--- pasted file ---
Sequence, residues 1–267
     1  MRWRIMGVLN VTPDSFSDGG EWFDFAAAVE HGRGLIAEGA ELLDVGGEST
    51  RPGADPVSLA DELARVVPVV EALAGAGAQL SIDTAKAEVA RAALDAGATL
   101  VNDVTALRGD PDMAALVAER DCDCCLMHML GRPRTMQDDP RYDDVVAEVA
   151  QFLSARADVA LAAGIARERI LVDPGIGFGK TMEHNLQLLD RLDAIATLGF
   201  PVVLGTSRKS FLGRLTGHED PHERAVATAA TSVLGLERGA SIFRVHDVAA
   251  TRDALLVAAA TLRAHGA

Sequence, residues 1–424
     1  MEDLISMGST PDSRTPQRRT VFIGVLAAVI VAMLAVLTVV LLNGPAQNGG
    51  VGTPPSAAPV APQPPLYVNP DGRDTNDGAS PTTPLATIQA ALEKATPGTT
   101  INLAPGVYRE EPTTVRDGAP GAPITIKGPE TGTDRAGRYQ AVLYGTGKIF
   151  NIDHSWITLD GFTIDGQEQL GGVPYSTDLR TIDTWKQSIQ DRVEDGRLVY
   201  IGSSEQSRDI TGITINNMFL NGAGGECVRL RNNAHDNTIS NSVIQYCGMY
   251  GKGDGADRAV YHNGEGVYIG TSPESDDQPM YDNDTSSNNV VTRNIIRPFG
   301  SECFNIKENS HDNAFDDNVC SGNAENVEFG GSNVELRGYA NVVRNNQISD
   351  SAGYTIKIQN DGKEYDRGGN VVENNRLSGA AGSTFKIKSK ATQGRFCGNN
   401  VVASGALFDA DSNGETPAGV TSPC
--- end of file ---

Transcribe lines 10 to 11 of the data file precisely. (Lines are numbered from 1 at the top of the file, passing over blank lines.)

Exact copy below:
    51  VGTPPSAAPV APQPPLYVNP DGRDTNDGAS PTTPLATIQA ALEKATPGTT
   101  INLAPGVYRE EPTTVRDGAP GAPITIKGPE TGTDRAGRYQ AVLYGTGKIF